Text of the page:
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Strong partnership benefits Wisconsin piping plovers
Midwest Region, September 2, 2009
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The strong partnership forged between Julie Van Stappen (National Park Service), Sumner Matteson (Wisconsin DNR) and Joel Trick (USFWS) has resulted in positive outcomes for Wisconsin piping plovers. Apostle Islands National Lakeshore, July 9, 2009. USFWS photo by Joel Trick
The strong partnership forged between Julie Van Stappen (National Park Service), Sumner Matteson (Wisconsin DNR) and Joel Trick (USFWS) has resulted in positive outcomes for Wisconsin piping plovers. Apostle Islands National Lakeshore, July 9, 2009. USFWS photo by Joel Trick - Photo Credit: n/a
An anxious adult piping plover looks on as its chicks are banded at Apostle Islands National Lakeshore, July 9, 2009. USFWS photo by Joel Trick
An anxious adult piping plover looks on as its chicks are banded at Apostle Islands National Lakeshore, July 9, 2009. USFWS photo by Joel Trick - Photo Credit: n/a

At least four pairs of piping plovers nested at Apostle Island National Lakeshore in 2009.  These four nesting pairs produced a total of eight young, all of which were banded by Wisconsin Department of Natural Resources Avian Ecologist Sumner Matteson.  The nesting success of this population is in large part due to the cooperative efforts of a multi-agency partnership committed to the continued growth of piping plover populations in Wisconsin.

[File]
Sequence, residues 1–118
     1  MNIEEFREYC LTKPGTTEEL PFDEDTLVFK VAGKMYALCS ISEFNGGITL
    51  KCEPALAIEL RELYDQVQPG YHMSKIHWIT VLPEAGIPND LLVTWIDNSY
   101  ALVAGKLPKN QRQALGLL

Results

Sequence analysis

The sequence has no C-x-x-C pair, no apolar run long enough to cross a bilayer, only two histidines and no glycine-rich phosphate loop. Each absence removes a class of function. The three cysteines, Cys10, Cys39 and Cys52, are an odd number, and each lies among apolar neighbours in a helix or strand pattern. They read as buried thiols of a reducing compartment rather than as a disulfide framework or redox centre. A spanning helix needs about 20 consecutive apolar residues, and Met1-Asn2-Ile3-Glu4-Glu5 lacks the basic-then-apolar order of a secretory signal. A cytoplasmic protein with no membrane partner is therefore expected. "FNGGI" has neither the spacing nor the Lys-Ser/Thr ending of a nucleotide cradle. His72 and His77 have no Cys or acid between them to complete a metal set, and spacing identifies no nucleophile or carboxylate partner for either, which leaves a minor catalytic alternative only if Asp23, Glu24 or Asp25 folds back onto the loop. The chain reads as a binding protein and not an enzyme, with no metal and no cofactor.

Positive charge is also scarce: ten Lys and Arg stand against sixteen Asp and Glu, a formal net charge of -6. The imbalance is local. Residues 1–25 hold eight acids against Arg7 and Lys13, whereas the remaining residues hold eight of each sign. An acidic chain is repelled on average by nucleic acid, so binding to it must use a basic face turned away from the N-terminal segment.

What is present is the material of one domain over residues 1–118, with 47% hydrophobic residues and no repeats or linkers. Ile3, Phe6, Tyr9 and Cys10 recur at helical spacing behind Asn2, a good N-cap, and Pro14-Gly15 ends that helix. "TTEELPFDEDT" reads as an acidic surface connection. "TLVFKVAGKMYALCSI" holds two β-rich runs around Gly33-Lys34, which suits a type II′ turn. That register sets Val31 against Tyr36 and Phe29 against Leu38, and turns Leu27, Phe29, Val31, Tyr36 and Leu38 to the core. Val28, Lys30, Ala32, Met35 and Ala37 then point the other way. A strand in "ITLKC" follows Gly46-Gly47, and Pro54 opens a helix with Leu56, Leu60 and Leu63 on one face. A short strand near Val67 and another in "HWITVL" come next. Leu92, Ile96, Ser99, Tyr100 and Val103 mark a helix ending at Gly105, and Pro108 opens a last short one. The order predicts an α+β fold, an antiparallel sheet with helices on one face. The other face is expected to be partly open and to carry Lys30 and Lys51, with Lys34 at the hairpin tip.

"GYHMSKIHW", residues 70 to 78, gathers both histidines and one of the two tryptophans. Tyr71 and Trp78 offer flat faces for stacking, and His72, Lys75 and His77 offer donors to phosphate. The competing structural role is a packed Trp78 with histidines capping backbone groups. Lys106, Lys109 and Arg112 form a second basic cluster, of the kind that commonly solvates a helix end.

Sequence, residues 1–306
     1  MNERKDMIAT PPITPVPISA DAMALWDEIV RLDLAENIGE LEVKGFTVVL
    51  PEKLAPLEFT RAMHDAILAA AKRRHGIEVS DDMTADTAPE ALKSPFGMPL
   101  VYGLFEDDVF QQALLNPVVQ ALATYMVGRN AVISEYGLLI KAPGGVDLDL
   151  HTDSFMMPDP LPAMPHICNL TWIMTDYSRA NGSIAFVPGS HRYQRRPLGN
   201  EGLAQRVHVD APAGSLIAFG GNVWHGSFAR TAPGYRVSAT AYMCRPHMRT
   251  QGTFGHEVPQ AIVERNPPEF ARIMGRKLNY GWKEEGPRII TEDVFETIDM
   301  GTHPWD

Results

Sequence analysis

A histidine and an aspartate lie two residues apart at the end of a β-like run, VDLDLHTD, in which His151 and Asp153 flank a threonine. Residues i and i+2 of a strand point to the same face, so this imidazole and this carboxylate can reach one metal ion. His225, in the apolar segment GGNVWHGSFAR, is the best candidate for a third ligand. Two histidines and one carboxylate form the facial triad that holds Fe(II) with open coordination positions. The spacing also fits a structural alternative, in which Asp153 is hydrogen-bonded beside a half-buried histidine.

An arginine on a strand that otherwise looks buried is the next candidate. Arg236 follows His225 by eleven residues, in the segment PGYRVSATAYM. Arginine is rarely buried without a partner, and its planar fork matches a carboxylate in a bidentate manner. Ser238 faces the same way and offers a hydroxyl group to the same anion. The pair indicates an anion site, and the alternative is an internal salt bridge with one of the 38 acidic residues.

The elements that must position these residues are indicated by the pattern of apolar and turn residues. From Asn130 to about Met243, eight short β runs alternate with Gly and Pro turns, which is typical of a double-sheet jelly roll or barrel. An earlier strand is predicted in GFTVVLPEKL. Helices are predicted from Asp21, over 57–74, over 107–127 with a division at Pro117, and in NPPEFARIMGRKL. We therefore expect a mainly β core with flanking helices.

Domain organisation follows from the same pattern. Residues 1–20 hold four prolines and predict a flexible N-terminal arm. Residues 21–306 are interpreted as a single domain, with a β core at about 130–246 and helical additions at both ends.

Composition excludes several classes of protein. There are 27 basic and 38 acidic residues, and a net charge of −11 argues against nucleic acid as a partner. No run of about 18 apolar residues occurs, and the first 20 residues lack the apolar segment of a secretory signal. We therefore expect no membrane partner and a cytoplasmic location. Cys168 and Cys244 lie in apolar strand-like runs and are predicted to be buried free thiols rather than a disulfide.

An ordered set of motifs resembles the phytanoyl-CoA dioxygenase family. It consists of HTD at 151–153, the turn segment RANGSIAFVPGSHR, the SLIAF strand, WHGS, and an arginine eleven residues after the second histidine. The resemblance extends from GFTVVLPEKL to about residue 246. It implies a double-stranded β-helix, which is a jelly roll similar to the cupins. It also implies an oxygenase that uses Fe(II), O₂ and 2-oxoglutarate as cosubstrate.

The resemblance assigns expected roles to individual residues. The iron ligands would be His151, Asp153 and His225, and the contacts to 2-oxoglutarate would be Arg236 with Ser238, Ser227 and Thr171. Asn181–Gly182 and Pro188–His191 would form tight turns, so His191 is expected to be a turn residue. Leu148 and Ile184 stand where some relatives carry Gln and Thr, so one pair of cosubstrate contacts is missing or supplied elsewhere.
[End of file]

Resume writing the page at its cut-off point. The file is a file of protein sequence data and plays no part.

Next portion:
The Fish and Wildlife Service's Green Bay Field Office, the National Park Service, the Wisconsin DNR, Bad River Band of Lake Superior Tribe of Chippewa Indians, and USDA-Wildlife Services worked together to protect the Apostle Islands plovers by hiring plover monitors to spot nesting pairs, developing plover signs to let beachgoers avoid disturbing the nests, putting up nest exclosures to protect the nests from predators, and conducting targeted predator control. Having two full-time biologists on location during the nesting season to find and monitor the nests again paid great dividends in this season's nesting success. The plover monitors were funded by the generous donations of The Johnson Family Foundation. For the first time in 2009, USDA-Wildlife Services implemented predator control in the plovers' nesting habitat, in an attempt to decrease post-hatching losses of plover chicks.

The Great Lakes population of the piping plover continues to slowly increase and has now expanded into the best available habitat in Wisconsin.  The additional young produced in Wisconsin this year are expected to continue the species expansion, and further progress towards recovery of the species.  Continued strong partnerships forged between state, federal, tribal and NGO partners will remain critical to the success of piping plover protection efforts in Wisconsin.

The piping plover is one of the Region's most endangered birds, and the establishment of an additional breeding group outside of Michigan will greatly contribute to making the species more secure. The growth of this small group of breeding plovers will enhance the likelihood of continued population expansion into suitable habitat and progress towards recovery of the species.  The piping plover is identified as a Species of Greatest Conservation need in the Wisconsin Wildlife Action Plan.


Contact Info: Joel Trick, 920-866-1737, joel_trick@fws.gov



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